An examination of these New Testament uses of ματαιότης sheds some light upon the message of Solomon in Ecclesiastes. It is not wisdom itself which is vain. On the contrary, both the biblical and post-biblical Christian traditions have identified wisdom, σοφία, with the divine. Solomon himself did so in Proverbs 8:22-31. It is, rather, the wisdom of the world, the wisdom which leads from God rather than to God, that is referred to. This “wisdom” is perhaps more properly referred to as wisdom falsely so-called, about which Paul warns in Colossians 2:8. True wisdom, as Solomon makes clear at the close of the Book of Ecclesiastes, is that which leads man to “fear God and keep his commandments, for this is the whole duty of man.” Far from vanity, this is the very reason for which man was created.

Enuma Elish vs. Genesis

By far the best supplementary readings I can recommend in the wake of my most recent entry in our History of Christianity series are the Enuma Elish and (at a minimum) the first three chapters of Genesis. The Enuma Elish is a text, only (re)discovered in the late nineteenth century, which contains the Babylonian myth of creation. Almost from the point of its recent discovery it was recognized that this story was clearly in the same vein as and probably a source for the creation story in Genesis. The similarities are notable, to say the least. Even more notable, however, are the ways in which Genesis departs from the Enuma Elish in its vision of God, man, and world. Genesis, in a sense, de-mythologizes the story of the Enuma Elish, for example eliminating the idea of a cosmic battle between the gods. Perhaps the most remarkable way in which Genesis deviates from the Enuma Elish is in its vision of God’s relationship to man. In the Enuma Elish (Table VI) man is created to serve the gods by completing their labor for them; in other words, man is, in the vision of the Enuma Elish, created from the very first as a slave. The vision of man, his creation, and his purpose offered in Genesis is strikingly different. I’ll let you make the rest of the comparisons and contrasts for yourself.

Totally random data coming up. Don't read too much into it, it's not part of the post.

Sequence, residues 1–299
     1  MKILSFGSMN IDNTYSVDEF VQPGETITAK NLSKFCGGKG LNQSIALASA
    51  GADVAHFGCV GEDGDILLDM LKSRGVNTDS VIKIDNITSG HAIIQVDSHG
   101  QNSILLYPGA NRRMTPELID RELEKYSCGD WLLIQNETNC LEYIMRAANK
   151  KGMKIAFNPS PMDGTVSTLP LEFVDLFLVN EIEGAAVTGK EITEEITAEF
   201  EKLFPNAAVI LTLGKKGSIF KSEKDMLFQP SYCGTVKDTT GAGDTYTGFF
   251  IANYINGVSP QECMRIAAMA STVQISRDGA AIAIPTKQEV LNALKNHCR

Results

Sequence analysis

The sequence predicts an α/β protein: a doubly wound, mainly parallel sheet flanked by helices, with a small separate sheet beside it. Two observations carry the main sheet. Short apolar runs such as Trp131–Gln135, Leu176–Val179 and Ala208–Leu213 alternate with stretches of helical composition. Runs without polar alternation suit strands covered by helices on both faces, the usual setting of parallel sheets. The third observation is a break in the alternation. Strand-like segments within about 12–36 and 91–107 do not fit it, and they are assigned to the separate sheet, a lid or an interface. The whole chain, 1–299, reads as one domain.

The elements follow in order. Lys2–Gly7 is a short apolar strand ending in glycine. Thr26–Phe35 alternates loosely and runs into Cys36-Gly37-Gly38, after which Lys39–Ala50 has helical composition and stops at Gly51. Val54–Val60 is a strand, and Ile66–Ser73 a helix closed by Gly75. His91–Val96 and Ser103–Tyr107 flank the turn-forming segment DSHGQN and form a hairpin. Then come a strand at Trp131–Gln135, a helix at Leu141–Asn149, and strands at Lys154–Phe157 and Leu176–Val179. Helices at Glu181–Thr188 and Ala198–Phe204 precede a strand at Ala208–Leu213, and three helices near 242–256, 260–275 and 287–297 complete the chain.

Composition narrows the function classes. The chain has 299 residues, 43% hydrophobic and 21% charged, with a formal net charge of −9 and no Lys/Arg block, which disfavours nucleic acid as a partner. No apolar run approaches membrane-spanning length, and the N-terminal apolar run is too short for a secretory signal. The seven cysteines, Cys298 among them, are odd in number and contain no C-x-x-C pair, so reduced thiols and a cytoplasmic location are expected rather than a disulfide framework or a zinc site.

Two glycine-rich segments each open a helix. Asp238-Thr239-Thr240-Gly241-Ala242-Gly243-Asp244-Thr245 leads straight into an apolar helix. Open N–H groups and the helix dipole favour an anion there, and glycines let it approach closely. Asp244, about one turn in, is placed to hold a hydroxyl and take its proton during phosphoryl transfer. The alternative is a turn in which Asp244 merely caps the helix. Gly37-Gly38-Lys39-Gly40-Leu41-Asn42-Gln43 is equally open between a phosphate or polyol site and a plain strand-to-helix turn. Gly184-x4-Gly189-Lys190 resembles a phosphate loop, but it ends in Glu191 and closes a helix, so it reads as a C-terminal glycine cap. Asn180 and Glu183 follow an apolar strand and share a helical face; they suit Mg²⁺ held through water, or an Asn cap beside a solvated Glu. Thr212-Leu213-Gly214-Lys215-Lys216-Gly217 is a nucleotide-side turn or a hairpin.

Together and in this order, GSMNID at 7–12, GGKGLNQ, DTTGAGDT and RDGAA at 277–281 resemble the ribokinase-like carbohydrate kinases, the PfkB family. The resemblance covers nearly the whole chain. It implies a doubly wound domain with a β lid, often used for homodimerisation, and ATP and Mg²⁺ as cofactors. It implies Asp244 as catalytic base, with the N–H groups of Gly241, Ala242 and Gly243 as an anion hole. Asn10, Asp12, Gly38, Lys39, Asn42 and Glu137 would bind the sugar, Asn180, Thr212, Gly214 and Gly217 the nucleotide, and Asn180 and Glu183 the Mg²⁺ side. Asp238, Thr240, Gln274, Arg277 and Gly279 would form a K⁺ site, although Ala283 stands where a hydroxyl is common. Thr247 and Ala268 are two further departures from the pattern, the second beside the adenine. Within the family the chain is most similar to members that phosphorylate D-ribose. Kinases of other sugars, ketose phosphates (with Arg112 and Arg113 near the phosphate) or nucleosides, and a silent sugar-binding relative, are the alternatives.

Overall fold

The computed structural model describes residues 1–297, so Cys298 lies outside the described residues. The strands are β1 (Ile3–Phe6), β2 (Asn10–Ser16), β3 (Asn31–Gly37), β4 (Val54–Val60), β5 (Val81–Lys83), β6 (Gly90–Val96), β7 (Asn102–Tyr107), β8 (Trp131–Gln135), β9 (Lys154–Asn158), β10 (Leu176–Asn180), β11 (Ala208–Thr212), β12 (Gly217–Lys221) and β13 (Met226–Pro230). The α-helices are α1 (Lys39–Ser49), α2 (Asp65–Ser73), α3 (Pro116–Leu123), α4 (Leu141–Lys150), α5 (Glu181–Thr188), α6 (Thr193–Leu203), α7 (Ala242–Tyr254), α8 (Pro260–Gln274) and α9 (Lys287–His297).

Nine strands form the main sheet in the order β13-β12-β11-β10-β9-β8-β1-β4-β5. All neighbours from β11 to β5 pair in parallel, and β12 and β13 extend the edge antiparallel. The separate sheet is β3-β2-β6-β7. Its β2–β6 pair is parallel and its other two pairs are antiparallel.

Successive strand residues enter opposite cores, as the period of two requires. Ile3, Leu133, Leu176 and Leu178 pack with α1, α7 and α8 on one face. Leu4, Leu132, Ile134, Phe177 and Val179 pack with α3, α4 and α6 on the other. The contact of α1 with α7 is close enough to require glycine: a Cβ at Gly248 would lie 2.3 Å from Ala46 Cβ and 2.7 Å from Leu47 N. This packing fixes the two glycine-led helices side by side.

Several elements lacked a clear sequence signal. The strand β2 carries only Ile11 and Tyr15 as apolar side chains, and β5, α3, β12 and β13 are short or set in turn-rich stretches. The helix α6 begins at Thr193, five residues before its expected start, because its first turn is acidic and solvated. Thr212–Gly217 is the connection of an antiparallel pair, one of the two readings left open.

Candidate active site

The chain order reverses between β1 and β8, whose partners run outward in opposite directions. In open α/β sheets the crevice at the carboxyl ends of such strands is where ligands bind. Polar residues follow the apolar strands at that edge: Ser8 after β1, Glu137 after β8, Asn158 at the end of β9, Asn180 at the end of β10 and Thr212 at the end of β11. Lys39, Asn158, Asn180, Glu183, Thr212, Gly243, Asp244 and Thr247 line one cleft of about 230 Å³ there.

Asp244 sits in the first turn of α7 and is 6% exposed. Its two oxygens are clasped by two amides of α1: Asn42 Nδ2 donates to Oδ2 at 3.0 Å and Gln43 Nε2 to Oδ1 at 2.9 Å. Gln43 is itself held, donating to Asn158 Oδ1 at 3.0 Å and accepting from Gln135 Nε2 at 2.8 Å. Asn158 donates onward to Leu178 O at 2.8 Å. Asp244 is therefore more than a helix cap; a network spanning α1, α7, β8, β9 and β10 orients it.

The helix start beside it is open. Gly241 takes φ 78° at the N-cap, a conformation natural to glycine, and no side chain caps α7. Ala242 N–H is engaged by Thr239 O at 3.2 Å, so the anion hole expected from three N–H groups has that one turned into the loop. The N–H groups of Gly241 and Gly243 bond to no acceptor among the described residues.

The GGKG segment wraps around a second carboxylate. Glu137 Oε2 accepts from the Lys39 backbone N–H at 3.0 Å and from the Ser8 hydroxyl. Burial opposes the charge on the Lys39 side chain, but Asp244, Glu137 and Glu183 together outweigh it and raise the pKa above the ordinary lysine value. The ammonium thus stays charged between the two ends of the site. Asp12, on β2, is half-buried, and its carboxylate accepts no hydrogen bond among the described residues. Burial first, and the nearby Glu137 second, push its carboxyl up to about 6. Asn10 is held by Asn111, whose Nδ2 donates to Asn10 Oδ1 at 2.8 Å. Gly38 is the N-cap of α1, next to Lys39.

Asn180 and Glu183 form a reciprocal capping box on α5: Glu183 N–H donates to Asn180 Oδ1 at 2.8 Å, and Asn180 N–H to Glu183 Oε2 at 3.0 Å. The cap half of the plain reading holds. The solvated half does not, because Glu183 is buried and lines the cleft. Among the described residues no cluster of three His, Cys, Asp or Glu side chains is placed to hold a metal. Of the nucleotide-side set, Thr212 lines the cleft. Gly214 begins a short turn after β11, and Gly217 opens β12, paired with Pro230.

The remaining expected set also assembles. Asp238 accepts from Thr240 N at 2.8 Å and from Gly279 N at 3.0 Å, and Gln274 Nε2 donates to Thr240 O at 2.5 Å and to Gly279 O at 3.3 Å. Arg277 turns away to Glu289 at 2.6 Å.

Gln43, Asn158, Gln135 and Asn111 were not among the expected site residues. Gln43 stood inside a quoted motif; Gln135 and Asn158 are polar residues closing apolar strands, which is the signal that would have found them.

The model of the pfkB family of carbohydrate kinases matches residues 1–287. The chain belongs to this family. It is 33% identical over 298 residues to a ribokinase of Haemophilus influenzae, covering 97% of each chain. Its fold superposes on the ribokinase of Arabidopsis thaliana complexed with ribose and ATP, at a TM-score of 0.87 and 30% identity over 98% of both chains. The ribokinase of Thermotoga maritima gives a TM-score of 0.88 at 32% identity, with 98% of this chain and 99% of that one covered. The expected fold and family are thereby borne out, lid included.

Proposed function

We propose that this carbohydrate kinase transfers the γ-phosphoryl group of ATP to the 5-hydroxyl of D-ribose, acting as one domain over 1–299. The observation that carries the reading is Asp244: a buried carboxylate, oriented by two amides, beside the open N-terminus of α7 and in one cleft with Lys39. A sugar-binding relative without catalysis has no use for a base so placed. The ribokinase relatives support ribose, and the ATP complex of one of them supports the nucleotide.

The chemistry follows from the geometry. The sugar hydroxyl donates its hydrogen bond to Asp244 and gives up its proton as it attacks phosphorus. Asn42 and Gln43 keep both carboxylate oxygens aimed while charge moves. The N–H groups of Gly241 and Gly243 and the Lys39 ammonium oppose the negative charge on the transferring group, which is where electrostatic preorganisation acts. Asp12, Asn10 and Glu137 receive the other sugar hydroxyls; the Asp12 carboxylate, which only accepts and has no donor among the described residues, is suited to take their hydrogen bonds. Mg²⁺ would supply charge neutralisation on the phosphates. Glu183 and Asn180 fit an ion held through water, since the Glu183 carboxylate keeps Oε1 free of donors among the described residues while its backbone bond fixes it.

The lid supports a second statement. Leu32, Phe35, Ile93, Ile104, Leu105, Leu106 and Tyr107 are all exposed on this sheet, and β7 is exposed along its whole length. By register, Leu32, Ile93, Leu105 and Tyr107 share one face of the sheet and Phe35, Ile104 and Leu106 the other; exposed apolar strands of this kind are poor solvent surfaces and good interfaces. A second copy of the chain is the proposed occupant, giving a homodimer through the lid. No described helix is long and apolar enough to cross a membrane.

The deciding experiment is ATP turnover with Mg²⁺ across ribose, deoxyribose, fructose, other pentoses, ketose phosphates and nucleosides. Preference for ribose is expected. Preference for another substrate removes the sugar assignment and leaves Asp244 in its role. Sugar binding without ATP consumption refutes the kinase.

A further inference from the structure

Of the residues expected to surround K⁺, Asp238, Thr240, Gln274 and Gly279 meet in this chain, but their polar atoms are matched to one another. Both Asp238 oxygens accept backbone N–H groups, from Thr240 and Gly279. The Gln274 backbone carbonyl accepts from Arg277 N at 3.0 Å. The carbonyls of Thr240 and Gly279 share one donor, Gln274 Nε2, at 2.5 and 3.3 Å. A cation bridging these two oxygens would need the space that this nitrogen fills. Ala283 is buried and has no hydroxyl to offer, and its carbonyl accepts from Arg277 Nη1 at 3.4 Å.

The Enuma Elish is not especially lengthy and you can read the whole thing online at the Ancient Encyclopedia of History. They also offer a concise introduction and summary of the work.

The text of Genesis is, of course, widely available online and off. I recommend reading it at Blue Letter Bible as they offer several English translations and their language and interpretation tools are a great resource for further inquiry.

Those who want to go even deeper might enjoy taking a look at the Septuagint (Greek/Christian) text of Genesis in side-by-side comparison with the Masoretic (Hebrew/Jewish) version which is used in most English translations of the Bible.

I’d love to hear your thoughts of how these texts compare and contrast with each other in their ideas.